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If you see old pre-TeX-era classic research papers, technical articles and books the figures still look pretty good. They seem to be hand drawn but with some components of computerization.

For example see this CRAY-1 document: http://bitsavers.org/pdf/cray/CRAY-1/CRAY-1_Brochure_1975.pdf

How were these figures created? What tools did folks use to create and then place them into the paper or book?

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    When my father was a student (in the late 1930's), one of his classes was "descriptive geometry", which was about making accurate drawings of mathematical structures. He told me once that he was required to draw an accurate 2-dimensional projection of a regular dodecahedron. – Andreas Blass Mar 7 at 3:15
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    The figures in the Cray manual seem pretty clearly completely hand drawn, at least to me. Zoom in and look at the irregular arrowheads and squiggles on page 2, and the wobbly curved lines on the "tube" things on 4. Of course, they had T-squares to draw straight lines and right angles, and so on. People can be quite good at making neat drawings when they are experienced and careful. – Nate Eldredge Mar 7 at 5:12
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This depends on the age in which the papers were developed. In the computer age there have been graphics programs going back to somewhere in the 1950's so it is possible that they were created on a computer. Possibly using vector graphics.

But note that the machines on which early programs ran were large and expensive.

Earlier than that, and overlapping with the computer age, artists were employed by publishers to create graphics using the same sort of tools that architects and "draftsmen" used. The French Curve was common and every student in a course in mechanics (physics) had one to help prepare homework. Actually artists may still be employed, but they tend to use computer tools now, rather than manual ones.

Math and physics undergraduates needed to be quite adept at graphing functions by hand, but these were a bit too crude for publishing. Hence artists.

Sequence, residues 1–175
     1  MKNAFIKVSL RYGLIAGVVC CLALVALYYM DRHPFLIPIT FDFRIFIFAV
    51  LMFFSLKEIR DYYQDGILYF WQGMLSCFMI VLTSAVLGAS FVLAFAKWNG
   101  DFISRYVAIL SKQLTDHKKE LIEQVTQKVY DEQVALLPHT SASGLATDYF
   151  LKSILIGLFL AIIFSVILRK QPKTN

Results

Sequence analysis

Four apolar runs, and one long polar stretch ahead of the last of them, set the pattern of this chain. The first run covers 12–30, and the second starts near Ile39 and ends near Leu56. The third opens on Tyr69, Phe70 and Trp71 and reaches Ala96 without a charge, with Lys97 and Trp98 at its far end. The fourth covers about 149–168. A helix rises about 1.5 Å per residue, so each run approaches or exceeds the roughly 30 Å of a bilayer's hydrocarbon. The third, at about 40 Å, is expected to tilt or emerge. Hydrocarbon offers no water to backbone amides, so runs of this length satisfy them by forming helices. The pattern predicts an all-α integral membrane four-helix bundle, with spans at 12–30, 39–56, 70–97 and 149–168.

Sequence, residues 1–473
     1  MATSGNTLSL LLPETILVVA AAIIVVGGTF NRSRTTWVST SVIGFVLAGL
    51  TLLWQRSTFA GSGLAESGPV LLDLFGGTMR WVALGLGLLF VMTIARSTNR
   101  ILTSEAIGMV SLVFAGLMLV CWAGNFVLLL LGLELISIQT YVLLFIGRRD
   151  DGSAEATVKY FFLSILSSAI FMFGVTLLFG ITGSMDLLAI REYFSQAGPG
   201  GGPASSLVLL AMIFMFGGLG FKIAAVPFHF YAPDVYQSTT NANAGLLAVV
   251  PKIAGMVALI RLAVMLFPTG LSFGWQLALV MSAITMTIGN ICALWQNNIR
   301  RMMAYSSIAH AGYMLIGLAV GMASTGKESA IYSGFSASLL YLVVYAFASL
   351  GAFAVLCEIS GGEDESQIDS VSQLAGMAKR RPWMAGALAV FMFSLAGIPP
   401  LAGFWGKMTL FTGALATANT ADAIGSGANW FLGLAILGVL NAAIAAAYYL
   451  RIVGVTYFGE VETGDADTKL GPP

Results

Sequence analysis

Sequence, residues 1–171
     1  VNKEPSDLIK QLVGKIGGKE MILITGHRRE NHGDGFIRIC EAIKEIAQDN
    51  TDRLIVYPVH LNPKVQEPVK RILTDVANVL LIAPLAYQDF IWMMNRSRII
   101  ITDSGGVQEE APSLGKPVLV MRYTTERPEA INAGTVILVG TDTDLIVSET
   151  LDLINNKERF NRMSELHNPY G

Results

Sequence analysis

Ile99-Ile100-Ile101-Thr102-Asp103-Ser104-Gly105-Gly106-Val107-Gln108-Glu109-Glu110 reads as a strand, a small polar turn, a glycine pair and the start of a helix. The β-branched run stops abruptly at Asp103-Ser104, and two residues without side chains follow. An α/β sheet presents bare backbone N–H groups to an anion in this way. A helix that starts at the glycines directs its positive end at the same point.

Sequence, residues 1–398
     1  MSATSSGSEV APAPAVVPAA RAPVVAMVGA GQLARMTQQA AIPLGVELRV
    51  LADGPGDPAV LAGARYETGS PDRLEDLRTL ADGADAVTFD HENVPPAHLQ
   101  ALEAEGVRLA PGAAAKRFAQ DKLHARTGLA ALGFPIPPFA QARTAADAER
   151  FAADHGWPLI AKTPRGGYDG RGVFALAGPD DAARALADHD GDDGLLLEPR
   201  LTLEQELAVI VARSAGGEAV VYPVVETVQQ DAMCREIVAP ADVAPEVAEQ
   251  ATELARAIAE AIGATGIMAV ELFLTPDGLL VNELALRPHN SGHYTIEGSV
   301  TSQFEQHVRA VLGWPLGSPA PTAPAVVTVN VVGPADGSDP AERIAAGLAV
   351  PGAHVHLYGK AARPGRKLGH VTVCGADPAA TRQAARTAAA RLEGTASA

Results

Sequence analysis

To extend it a bit, even in the 1970's mathematics papers needing formulae and equations with any complexity were prepared by hand by skilled typists using specialized typewriters. The special symbols, hundreds of them, were on individual wands that were inserted into the typewriter under the striker. The glyph was struck and then the wand removed so the next one could be inserted. The typists worked from hand written papers prepared by the author.

For publishing, pages were prepared in sets of, say, 16 and printed using something like the lithographic process. The 16 (or whatever) pages printed together became a "signature" and these were prepared and the sewn together to make a volume. High quality books often still use sewn signatures, which you can see by looking at a closed book from the top or bottom - the "spine". You can also see the threads used to sew the signatures. See Book Binding for example.

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This question has an implicit assumption that TeX graphics are the only form of computer graphics. They are not now (for the vast majority of office workers) nor have they been so traditionally. It would be better to say how were figures done, pre computer graphics, not pre-TeX.

FYI: I do all my figures in Excel, PPT or specific programs like an Xray or NMR program. I've never bothered with LaTeX. I think the math/CS/physics mafia assumes everyone else uses it. But many biologists, chemists, etc. like MS Office.

Prior to mid 80s, I assume the figures were hand drafted. (As an engineer, I saw half our large MEP firm still doing hand drafting construction drawings as late as mid 90s. In 94 or 95, it changed like a light switch and we went to 98% CAD (just revisions of old stuff on a drafting table). A good draftsman can produce stuff that is hard to differentiate from computer drawings.

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    An upvote from me, because the CRAY-1 document looks like it contains drawings produced by a draftsman – user2768 Mar 7 at 9:41
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    TeX was really at the fore-front of main stream computer usage. Sure there were plotters before then, but they were run by professionals and really expensive. Prior to TeX and PLT and Postscript (basically the early 80s), figures were produced by draftsman. Everything in your answer is essentially 90s and beyond. – StrongBad Mar 7 at 13:03
  • In the early 80's one could use graphics programs on a mainframe and get printouts. When I started grad school in the mid-80's the department still had artists and photography experts available on contract for figures and micrographs. The artists rapidly disappeared, although in certain niche areas (e.g. rendering new species in the correct style) they still are often used. – Jon Custer Mar 8 at 3:41

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